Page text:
The St. Louis Cardinals first baseman ended Barry Bonds' four-year winning streak, receiving 18 first-place votes and 14 seconds for 378 points in balloting by the Baseball Writers' Association of America. Jones, the Atlanta Braves center fielder, got 13 first-place votes, 17 seconds and two thirds for 351 points.
"It's awesome when you hear people compare yourself with Barry," Pujols said.
Pujols was second in the NL with a .330 average, five points behind Lee, and hit 41 homers, trailing only Jones (51) and Lee (46). Pujols tied for second in RBIs with 117, 11 behind Jones.
He played in 161 of 162 regular-season games despite being bothered nearly the entire season by plantar fasciitis, a heel injury that he also felt in 2004.
"There were some times when I got out of bed, I had to sit up before I jumped out of bed because it was bothering me so bad," he said.
The 25-year-old Pujols has put up remarkable statistics in his first five major league seasons, averaging 40 homers and 124 RBIs to go with a .332 average.
He was third behind Bonds and Adrian Beltre in last year's MVP voting after finishing fourth as a rookie in 2001 and second to Bonds the following two seasons. Bonds missed most of this year with a knee injury after winning the award four straight times to increase his total MVPs to a record seven.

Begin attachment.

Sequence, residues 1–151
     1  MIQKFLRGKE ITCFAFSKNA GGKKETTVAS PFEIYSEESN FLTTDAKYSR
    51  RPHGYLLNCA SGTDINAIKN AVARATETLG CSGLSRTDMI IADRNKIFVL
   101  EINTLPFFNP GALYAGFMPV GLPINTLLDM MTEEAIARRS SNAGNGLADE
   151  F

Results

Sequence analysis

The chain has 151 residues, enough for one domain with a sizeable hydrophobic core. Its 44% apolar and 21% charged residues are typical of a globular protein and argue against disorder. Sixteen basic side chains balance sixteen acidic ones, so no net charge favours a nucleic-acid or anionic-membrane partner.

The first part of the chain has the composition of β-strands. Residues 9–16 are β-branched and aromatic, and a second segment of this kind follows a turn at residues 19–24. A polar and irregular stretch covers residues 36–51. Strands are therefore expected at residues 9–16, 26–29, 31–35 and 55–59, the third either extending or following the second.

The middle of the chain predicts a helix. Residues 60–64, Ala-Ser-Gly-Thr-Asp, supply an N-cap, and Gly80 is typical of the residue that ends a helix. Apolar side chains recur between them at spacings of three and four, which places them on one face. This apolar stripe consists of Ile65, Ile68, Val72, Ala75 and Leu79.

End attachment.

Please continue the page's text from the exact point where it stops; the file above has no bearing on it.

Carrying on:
Jones led the major leagues in home runs for the Braves, and batted .263. He has won eight straight Gold Gloves.
"I think he deserved it. The voting was the right vote. He was the right choice," Jones said. "He had the most solid season average wise, home run wise and RBI wise."
The Cardinals led the majors with 100 wins this season and breezed to the Central title. Pujols was the driving force on a team that lost Scott Rolen and other key players to injuries.
Atlanta went 90-72 and won its 14th straight division championship. Jones was the only Braves player with more than 21 homers or 78 RBIs.
Pujols, who gets a $200,000 bonus, won the 15th MVP award for the Cardinals, the first since Willie McGee in 1985.
By finishing third, Lee triggered a $750,000 increase in his next 2006 base salary to $8.75 million.
Florida first baseman Carlos Delgado, who was sixth, earned five points toward the 30 he needs by the end of 2008 to guarantee a $16 million salary in 2009. He would get 10 points for winning the MVP, 20 if he is a World Series MVP and 10 if he is a league championship series MVP.